Testers are great.

Crunch is a choice, failure of management and irrational. Organization and process matters.

Staying long is not being hero. It is being a sucker. It makes little difference in result. It amounts to vitrue signal.

Never cease learning. (Youngsters know that too, but it is important.)


staying long?


Long into the evening multople days while you are increasingly sleep deprived.

As staying long in one company - imo depends on company.


The most important thing I have used constantly in my decades of programming: learn the skill of negotiating and specifically get good at saying "no". You will be a far happier programmer and the people you work with will be happier.


All programming languages are fads, except for C.


At this point you can add Java to non-fad list, right? It's been around for 23 years and it's the most popular language used in industry. I'm currently supporting Java code that's old enough to vote.


I'm just glad we are at a point when the GP didn't need to say "Fortran". That's evolution.


I work with a lot of numerical code. Fortran's not going away any time soon.


All programming concepts are fads, except for legacy.


Stay in one place long enough to see a few cycles and you’ll get nice and jaded. Today’s old and shitty was yesterday’s “proper way”. It can change in only a year or two. “Global” refractors always end unfinished and the code worse for the wear.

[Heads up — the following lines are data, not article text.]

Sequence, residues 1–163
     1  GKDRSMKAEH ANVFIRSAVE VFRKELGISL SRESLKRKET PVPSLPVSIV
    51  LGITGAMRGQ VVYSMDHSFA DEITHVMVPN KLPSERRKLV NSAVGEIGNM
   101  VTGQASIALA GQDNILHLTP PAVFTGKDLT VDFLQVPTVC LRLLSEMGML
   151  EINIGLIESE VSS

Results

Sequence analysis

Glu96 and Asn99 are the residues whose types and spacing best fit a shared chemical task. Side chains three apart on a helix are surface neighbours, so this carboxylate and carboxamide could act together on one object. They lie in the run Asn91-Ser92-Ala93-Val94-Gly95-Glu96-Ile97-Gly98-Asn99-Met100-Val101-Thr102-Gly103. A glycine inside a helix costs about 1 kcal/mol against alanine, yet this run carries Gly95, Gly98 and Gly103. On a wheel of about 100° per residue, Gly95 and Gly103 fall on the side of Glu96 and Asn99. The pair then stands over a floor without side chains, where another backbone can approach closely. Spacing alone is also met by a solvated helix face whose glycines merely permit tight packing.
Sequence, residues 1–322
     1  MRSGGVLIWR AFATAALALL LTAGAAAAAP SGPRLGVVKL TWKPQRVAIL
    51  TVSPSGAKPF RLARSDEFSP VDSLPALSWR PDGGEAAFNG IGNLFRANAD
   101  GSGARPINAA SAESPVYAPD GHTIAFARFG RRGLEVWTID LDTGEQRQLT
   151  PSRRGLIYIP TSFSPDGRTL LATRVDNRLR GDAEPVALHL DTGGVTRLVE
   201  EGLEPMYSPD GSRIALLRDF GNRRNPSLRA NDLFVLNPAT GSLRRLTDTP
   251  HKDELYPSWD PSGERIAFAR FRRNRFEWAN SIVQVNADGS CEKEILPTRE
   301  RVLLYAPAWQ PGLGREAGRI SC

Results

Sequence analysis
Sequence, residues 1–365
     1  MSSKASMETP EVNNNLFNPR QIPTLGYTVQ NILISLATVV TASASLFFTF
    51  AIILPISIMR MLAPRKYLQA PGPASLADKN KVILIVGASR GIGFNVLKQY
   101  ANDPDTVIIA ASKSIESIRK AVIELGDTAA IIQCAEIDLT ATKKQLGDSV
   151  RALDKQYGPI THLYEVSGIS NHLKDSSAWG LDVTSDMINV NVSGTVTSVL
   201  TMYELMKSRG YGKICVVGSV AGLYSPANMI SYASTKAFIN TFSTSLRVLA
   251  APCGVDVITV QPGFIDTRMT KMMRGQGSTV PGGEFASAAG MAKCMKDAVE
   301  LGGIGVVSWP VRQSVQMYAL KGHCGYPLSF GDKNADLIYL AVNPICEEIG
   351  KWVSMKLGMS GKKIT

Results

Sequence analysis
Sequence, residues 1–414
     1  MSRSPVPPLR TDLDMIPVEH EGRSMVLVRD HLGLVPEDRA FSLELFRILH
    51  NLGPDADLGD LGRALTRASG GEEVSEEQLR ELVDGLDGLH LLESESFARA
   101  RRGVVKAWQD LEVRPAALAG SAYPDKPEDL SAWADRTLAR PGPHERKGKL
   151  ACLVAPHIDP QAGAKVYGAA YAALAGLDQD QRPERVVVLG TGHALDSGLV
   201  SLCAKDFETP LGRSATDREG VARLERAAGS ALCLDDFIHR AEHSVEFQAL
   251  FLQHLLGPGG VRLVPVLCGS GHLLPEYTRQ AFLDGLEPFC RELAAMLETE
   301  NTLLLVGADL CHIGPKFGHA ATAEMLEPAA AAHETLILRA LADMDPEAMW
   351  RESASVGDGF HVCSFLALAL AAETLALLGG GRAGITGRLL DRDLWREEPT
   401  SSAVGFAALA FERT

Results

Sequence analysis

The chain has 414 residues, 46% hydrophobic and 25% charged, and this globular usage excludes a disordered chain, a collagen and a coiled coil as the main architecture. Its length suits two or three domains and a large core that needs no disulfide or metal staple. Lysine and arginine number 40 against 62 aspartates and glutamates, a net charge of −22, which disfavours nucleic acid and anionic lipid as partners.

Local refractors in code your touching anyways tend to work great though. Since your changing it you’ve built enough understanding to refactor it correctly.


I second that.


Python's older than Java, and only getting more popular.


Few from my own journey line :)

1. Your code is temporary, but your attitude towards programming is not.

2. There is no such thing as perfect solution - a solution can be implemented by multiple ways, so no need to criticize one solution over another.

3. One size doesn't fit all

4. Learn to appreciate the creativity of youngsters and nurture them.

5. Brilliant programmers drive a product & culture, not a specific program.

As someone mentioned earlier, these tips just don't apply for programmers - but any profession.


Make it simple, make it work, then add complexity.


Make it work. Make it right. Only then, make it fast.


Only works if making it fast is not precluded by the design from the get-go. If performance and scale are a consideration, then they must be considered at the start.


In that case it's not working right unless it's working fast. ;) But yeah, this saying refers more to micro-optimisations than proper algorithm selection.


Make it work, make it work better, and rarely make it work right


Burn-out is real.

Maybe it's not necessarily tied to 20yrs in programming, but to stay long in this field, one needs to develop an ability to sustain or recognize burn-out. Personal and on team level.

Especially while young and seemingly having limitless energy, attention, and desire to succeed.


>Wait for the point-one release of development tools before installing them. Let other people be guinea pigs.

Hell yes. I was bitten by this 2 months ago. Updated the server to Ubuntu 18.04.0 and had a week of hard disk crashes (randomly). I just could not work out what the issue was. Midway through the week 18.04.1 was released with two filesystem bugs fixed. Made all the crashes disappear. Never making that mistake again!


Most things that are Good in the world of computing can be boiled down to: